Since you wanted me to...not like you don't deal with me enough but for dressage since I've ridden this horse a few times lol. You do need to be tactful and I know he is not the easiest mount.
I'd like to see a more definite line set in the circles and use your OUTSIDE rein, thigh and weight to make him balance himself and not rely so much on the inside. I generally put my weight wherever I want to put the horses balance, I think of his balance taking me the direction I want to go. This is universal. The outside rein controls the inside hind leg and outside shoulder so you can create the bend around your inside leg or if you want counter flexion which helps out a lot in the canter because he needs more outside aids support (particularly leg). I think fixing that feeling along with riding more accurate lines and circles, as well as preparing in advance for transitions will help you both out a lot.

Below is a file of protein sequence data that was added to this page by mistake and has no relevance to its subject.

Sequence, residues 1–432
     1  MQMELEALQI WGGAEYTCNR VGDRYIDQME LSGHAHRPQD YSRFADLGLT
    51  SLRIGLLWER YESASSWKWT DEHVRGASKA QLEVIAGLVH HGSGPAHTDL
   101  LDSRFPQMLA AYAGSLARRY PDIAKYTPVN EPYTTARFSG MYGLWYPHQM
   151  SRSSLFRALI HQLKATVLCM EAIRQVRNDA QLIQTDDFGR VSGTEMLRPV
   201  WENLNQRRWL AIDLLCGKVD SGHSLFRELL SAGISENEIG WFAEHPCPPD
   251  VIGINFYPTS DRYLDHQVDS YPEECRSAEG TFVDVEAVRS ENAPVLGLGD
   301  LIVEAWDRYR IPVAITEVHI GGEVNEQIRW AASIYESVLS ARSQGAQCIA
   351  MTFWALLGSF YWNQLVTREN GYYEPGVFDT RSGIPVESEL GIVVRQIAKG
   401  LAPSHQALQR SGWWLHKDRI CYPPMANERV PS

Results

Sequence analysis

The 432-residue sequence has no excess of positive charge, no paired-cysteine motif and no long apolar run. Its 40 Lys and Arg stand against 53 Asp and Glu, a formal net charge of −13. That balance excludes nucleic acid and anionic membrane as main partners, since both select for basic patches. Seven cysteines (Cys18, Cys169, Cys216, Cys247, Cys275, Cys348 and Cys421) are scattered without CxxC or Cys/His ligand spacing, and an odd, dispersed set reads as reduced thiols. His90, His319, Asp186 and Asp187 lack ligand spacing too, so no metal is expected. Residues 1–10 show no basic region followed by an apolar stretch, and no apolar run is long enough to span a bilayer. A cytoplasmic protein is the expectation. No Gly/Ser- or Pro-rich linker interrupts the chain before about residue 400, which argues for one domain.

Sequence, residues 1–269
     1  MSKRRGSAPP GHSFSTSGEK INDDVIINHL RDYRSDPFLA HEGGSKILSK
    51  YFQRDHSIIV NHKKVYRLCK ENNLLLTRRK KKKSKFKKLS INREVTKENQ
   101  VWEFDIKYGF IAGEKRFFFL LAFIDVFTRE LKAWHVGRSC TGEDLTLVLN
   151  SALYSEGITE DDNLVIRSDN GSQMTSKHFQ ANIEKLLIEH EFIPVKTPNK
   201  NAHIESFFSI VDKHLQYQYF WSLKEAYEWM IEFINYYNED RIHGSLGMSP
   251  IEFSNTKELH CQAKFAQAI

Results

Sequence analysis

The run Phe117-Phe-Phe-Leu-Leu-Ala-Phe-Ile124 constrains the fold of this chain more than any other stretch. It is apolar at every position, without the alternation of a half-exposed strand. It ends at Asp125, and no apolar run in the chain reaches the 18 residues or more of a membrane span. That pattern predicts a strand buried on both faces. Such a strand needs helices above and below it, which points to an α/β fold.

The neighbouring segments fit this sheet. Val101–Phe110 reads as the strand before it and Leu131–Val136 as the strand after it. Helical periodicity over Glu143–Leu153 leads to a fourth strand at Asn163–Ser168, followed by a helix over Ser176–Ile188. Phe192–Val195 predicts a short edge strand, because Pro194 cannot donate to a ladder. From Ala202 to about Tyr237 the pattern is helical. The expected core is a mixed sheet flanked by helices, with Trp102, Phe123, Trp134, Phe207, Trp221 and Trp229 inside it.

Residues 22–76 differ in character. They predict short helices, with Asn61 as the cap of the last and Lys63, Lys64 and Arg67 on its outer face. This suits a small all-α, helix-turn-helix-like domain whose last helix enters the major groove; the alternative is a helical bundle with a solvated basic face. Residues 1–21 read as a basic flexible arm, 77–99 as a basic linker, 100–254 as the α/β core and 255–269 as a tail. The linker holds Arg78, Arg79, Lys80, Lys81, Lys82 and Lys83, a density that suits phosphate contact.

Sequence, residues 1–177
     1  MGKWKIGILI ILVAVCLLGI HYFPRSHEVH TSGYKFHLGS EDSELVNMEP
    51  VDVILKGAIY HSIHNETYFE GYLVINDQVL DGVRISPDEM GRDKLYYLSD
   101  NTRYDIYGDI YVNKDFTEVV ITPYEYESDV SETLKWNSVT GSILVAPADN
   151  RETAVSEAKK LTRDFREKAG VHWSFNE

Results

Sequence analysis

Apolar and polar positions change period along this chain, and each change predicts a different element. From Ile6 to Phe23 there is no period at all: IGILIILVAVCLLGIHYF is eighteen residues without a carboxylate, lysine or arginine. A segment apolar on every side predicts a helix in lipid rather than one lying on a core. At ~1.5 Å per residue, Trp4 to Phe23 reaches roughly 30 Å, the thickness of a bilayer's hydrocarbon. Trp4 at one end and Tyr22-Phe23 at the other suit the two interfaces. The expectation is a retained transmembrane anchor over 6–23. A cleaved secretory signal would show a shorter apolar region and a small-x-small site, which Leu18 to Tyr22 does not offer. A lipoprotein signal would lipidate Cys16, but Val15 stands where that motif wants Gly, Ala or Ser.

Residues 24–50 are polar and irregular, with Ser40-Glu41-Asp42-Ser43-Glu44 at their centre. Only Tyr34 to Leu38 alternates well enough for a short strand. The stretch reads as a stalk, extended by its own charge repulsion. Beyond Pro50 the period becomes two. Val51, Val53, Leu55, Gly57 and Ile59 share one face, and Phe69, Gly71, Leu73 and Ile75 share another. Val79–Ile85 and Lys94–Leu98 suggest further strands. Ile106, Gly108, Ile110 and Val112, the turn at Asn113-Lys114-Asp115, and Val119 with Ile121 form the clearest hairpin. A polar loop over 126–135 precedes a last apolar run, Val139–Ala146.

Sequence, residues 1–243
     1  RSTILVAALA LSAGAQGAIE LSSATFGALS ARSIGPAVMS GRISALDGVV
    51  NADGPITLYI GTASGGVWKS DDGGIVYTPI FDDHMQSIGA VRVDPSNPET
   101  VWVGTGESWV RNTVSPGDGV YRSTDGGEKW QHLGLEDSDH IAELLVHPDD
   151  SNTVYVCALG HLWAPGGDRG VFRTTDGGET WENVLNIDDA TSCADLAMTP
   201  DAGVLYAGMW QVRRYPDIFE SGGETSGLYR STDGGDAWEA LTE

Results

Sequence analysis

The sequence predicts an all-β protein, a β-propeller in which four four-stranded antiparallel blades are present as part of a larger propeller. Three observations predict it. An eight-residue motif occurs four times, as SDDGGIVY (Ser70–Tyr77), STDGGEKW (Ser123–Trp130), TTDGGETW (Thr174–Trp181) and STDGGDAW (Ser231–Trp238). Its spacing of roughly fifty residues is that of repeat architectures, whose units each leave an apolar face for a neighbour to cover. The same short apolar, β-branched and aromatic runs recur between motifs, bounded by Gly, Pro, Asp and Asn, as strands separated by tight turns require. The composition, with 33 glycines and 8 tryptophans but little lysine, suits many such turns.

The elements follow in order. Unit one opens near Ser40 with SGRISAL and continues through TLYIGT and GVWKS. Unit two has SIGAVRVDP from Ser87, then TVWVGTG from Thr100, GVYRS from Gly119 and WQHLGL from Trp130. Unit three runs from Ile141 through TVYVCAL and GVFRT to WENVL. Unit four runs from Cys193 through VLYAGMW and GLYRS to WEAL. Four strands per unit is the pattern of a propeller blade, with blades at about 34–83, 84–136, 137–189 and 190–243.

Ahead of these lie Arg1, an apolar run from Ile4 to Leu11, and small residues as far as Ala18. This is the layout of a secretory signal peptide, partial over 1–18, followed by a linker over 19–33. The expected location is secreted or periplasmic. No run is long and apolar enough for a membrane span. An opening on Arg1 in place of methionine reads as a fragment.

I can't help too much with the jumping but I will say your form will change a lot when you get under an eventing coach and go cross country. You get a little too forward IMO and as a former eventer, Im of the opinion of riding with a more defensive position (a little more sat back) but not behind the vertical. I feel it is more effective, especially when going cross country and you have a horse that is a little unsure or a little too game to be like hey this is the fence, we're going to it my pace, my way and re assuring the horse that your in balance and sending them for success and if they twist their back, pop their body, take off early or refuse you stay more centered over the horses back and don't lose seat as easily. And if it is a difficult combination I feel you can get your position back a lot faster and without interfering with the horse. It takes a lot of preparation to ride some of those cross country jumps effectively.